(Thanks to the Courtyard By Marriott Century City / Beverly Hills) Bryan Cranston is everywhere. He’s the “doppy dad,” as he calls himself, on Malcolm in The Middle. He’s also the good man doing bad underachieving chemistry genius that is Walter White in AMC’s Breaking Bad. And most recently a husband with a liquor problem and a yen for online porn in Tom Hanks’ movie Larry Crowne. We had the chance to talk with Cranston about how he came to be in Larry Crowne, and in Breaking Bad.
For Larry Crowne, one of my favorite Tom Hanks movies, Cranston said that he got the role after telling Hanks he had some rather compromising photos of him. (That’s what he said on video.) Of course, that’s not the case, but we went with that, so I suppose it’s going to be urban legend. Whatever the case, the story’s as good as the constantly told one about his nervousness of doing a sex scene with Julia Roberts.
But when we turned to the matter of Breaking Bad Cranston turned serious and said that it was the show’s creator Vince Gilligan who fought for him to play the character of Walter White. Speaking of Gilligan, Cranston said “Without him, I would not be here (looking down at the red carpet at the Night of 100 Stars Oscar Party), today.”
Cranston says that Breaking Bad is not a TV show that’s easy on the eyes; it has an edge. And because of that Cranston thinks it doesn’t draw a lot of eyeballs. Well, it may not be in NFL football territory, but it does have a cult following, one that, according to Nielsen, has set a record for audience engagement and ad effectiveness.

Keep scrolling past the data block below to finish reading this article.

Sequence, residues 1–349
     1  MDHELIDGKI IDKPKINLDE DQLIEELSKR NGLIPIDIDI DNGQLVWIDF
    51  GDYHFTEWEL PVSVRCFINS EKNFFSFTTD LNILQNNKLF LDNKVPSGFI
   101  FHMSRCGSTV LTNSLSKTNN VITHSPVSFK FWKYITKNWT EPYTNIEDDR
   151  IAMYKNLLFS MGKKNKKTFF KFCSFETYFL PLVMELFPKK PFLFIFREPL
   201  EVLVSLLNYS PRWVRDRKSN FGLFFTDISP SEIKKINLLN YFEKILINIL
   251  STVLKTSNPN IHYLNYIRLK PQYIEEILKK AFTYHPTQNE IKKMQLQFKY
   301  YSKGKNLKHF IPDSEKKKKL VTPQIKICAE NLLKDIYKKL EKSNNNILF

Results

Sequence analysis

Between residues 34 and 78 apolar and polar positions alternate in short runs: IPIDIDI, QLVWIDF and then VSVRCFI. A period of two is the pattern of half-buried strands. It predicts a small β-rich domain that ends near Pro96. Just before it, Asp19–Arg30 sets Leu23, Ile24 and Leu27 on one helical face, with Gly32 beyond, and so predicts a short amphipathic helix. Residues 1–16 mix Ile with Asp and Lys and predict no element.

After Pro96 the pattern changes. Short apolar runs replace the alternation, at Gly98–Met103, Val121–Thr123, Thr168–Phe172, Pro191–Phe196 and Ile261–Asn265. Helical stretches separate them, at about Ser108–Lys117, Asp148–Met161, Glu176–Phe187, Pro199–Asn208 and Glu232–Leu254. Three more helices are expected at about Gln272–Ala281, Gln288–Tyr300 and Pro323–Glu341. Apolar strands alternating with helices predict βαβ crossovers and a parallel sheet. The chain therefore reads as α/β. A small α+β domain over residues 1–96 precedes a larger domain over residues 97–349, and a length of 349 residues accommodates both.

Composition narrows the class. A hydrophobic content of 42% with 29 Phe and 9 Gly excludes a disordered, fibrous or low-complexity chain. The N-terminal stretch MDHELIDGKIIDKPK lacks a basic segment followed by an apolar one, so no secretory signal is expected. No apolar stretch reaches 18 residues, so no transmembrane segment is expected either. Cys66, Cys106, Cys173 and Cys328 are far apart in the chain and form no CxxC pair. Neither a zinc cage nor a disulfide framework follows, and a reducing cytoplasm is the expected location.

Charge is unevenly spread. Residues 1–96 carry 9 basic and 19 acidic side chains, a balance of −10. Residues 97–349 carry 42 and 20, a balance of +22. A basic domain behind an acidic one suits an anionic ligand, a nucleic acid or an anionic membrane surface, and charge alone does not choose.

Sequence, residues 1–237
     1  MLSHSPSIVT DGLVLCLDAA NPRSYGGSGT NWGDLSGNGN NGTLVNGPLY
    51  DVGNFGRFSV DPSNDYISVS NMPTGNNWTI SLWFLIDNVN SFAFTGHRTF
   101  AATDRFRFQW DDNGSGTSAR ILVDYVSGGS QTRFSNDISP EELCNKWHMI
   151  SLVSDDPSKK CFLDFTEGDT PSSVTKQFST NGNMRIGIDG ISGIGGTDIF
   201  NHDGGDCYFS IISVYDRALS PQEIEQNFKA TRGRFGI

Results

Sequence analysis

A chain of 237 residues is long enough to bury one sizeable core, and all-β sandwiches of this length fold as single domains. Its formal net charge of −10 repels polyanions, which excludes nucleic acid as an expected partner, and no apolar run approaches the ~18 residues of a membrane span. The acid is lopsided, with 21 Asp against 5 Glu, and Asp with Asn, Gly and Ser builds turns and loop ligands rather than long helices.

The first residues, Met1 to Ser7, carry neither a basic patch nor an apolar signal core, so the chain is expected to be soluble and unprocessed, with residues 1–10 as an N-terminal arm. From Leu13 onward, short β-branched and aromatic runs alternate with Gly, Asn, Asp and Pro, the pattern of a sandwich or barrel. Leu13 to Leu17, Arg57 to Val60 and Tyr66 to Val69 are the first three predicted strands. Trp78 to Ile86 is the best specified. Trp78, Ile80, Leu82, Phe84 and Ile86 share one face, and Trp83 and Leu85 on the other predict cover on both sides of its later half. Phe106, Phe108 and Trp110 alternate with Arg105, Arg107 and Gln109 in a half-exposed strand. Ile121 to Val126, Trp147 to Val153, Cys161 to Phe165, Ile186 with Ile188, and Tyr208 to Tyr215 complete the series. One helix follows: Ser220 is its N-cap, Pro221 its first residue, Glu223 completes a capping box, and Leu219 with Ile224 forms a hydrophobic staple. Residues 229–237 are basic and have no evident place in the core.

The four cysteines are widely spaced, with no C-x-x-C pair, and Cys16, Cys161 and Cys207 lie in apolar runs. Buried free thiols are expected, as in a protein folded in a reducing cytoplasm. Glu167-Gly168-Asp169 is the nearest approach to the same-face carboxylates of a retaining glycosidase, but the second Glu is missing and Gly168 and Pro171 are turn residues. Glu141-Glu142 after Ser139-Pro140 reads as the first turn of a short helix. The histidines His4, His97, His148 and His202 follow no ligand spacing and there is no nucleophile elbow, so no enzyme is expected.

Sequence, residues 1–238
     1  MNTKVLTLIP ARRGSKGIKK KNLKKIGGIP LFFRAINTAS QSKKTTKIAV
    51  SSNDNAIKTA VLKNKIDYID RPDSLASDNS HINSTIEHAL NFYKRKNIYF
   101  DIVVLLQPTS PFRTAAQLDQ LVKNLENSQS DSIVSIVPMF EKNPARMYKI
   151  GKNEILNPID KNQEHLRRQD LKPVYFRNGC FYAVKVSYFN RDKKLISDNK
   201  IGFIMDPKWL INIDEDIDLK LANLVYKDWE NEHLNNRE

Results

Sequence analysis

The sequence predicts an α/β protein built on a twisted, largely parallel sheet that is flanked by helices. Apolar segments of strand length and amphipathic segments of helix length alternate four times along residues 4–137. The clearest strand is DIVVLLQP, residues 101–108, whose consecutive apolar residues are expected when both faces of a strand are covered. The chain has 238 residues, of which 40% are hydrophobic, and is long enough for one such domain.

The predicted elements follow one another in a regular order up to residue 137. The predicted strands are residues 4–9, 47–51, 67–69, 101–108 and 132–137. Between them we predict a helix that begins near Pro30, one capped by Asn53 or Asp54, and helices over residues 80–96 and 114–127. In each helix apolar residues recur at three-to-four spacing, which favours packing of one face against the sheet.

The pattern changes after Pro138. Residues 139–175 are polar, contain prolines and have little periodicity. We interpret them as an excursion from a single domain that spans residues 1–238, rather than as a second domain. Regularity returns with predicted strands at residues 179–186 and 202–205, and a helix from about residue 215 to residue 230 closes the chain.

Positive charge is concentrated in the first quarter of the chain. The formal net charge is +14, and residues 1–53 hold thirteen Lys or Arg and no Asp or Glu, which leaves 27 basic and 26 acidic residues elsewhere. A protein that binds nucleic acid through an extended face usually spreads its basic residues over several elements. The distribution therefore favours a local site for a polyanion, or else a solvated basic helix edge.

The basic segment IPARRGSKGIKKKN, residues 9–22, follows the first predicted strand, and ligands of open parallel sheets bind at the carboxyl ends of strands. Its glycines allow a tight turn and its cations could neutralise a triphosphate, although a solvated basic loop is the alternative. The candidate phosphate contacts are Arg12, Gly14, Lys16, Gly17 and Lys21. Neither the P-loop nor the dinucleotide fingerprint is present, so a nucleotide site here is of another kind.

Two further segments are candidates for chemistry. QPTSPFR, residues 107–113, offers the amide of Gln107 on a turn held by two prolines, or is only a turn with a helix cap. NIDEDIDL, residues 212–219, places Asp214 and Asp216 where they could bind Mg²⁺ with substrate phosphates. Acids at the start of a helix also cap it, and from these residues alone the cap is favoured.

This is what AMC and Nielsen reported about Season 4 of Breaking Bad:
AMC premiered the Season 4 Finale of Breaking Bad to record rating results. Season four reigns as the series’ highest rated season to date, growing 24% over season three for Adults 18-49, the most for any drama series in basic cable history. Last night’s episode scored a 1.4 household rating, attracting 1.9 million viewers. Across the evening, all three airings (10PM, 11PM, 1AM) delivered 2.9 million viewers and 1.8 million adults 18-49. In August, AMC announced the final 16 episodes to conclude Breaking Bad. AMC also experienced its best season ever for the 2010-11 season in sales prime delivery of Adults 18-49 and Adults 25-54 increasing +9% and +8% respectively vs. last season.
I wonder if Cranston’s aware of that. Well, considering his remarks, he could not have been at the time, but that’s going to change. Breaking Bad’s a cult classic and Bryan Cranston’s the star of it.